Changes have occurred both in the practice of law by judges, prosecutors, investigators and lawyers, as well as in the doctrines and the courts, reflecting a generational change among Brazilian federal judges, prosecutors, and investigators. They are younger and have joined the judicial system at an earlier stage of their lives. They grew up in era of era of democracy and freedom of the press, decadence of traditional political parties and a society increasingly indignant about private appropriation of public goods. They are prone to protect the public’s interest and have no fear to carry out their constitutional duties.
Read original article in Portuguese here
Eliane Cantanhêde and Andreza Matais – O Estado de S.Paulo, 7/04/2015
Photo by Andre Dusek/Estadao
A man of few words, the director-general of the Federal Brazilian Police, Leandro Daiello came out of anonymity to state, in an interview to Estado that no one will be exempt from the law. The ongoing investigations will proceed even if they lead to President Rousseff or former President Lula, he said. “We investigate facts, not people. Where those facts take us is a consequence of the investigation itself, as painful as it may be”.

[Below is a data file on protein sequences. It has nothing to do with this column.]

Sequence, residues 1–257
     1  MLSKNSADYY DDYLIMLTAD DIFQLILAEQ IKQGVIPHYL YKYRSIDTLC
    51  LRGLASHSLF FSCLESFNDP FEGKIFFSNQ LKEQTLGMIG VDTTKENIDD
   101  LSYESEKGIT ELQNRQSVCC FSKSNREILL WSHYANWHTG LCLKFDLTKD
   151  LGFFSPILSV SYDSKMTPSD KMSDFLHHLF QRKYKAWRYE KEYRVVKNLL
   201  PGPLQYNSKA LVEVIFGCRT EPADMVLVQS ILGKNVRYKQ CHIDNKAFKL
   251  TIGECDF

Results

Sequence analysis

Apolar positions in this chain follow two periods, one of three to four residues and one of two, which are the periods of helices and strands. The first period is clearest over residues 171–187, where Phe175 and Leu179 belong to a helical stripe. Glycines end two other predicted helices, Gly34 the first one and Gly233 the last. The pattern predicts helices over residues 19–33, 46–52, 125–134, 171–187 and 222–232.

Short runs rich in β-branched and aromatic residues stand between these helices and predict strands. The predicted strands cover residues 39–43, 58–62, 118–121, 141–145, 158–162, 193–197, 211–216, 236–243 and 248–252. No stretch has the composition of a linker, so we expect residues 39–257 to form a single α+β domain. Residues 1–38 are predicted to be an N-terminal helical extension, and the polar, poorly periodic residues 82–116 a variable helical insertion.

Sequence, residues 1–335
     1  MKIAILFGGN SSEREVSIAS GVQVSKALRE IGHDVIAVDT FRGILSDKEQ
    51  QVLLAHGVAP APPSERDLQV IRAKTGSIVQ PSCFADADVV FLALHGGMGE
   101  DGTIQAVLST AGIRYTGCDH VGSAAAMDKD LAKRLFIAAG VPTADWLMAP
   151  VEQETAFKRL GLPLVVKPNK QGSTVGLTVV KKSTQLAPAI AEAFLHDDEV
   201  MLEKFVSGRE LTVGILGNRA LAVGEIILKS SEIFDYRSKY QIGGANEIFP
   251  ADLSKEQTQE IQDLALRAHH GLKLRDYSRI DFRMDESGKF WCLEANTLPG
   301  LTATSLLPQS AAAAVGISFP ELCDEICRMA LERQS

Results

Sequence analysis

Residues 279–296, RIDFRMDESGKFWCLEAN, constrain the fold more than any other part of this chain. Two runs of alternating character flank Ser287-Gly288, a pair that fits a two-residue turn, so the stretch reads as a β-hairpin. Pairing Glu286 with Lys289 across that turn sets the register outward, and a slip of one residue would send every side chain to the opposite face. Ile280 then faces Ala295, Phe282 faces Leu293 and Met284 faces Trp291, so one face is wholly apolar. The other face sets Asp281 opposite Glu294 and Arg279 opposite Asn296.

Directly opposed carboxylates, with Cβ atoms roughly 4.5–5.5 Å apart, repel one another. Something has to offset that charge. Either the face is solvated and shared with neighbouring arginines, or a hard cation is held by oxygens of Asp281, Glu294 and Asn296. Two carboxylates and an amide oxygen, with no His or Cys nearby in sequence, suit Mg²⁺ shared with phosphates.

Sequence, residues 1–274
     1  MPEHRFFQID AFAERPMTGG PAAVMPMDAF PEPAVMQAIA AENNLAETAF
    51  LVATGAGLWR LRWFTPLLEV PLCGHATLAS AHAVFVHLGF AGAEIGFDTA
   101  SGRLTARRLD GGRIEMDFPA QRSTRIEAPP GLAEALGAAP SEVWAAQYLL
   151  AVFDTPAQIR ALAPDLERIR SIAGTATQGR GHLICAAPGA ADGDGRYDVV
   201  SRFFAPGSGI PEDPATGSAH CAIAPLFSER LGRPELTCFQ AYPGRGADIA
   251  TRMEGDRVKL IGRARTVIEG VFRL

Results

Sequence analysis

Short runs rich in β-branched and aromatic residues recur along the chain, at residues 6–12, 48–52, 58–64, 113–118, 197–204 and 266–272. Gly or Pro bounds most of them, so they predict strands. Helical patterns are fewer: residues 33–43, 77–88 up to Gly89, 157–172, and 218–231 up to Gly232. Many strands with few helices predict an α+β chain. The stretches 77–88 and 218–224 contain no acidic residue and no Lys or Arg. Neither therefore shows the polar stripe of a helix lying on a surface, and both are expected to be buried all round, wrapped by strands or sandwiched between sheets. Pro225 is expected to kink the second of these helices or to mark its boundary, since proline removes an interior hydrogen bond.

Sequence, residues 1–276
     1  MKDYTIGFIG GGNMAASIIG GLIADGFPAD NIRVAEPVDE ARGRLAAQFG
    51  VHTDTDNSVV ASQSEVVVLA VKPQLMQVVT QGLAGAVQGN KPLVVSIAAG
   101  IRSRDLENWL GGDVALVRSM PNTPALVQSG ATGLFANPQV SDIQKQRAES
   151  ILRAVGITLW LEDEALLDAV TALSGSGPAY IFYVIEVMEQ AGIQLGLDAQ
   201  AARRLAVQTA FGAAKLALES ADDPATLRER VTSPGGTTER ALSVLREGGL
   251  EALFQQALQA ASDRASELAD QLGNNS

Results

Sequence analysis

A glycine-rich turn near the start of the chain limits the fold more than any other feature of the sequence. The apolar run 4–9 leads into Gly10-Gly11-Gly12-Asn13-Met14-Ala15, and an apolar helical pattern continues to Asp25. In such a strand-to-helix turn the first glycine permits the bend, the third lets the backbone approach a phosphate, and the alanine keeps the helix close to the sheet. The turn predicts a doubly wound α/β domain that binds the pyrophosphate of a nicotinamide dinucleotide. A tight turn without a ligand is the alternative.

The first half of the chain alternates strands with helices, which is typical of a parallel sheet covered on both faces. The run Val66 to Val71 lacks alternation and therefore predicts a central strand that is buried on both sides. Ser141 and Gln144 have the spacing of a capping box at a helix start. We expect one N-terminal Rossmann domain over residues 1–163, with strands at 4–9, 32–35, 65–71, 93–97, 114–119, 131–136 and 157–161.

Originally from the southern Brazilian state of Rio Grande do Sul, Daiello has been and director-general of the Brazilian equivalent to the FBI since 2011. He used the expression “as painful as it may be” three times during the interview, to make clear that the Federal Police is an independent institution with solid rules of conduct, and that investigations are to continue “with or without José Eduardo Cardozo as justice minister, and with or without Daiello leading the Federal Police”.
Continue reading “Lava Jato Investigations will continue, as painful as it may be”
Simon Romero – The New York Times, 04/06/2013
Brazil’s Public Ministry, a body of independent public prosecutors, has begun an investigation into a claim connecting former President Luiz Inácio Lula da Silva to a vast vote-buying scheme that involved the channeling of funds to the governing Workers’ Party.
The inquiry, which was announced in the capital, Brasília, on Friday and comes after several months of analyzing testimony, opens a new phase in what has arguably been Brazil’s largest corruption scandal, already involving the conviction of Mr. da Silva’s powerful former chief of staff, José Dirceu de Oliveira e Silva, on conspiracy and bribery charges last year.
The move by the Public Ministry, which asked the federal police to carry out the investigation, is thought to be the first time that Mr. da Silva has been directly investigated in connection to the scheme, called the mensalão, or big monthly allowance, for the regular payments that some lawmakers received. The scandal emerged in 2005, during Mr. da Silva’s first term as president. At 67, he remains a towering figure in Brazilian politics.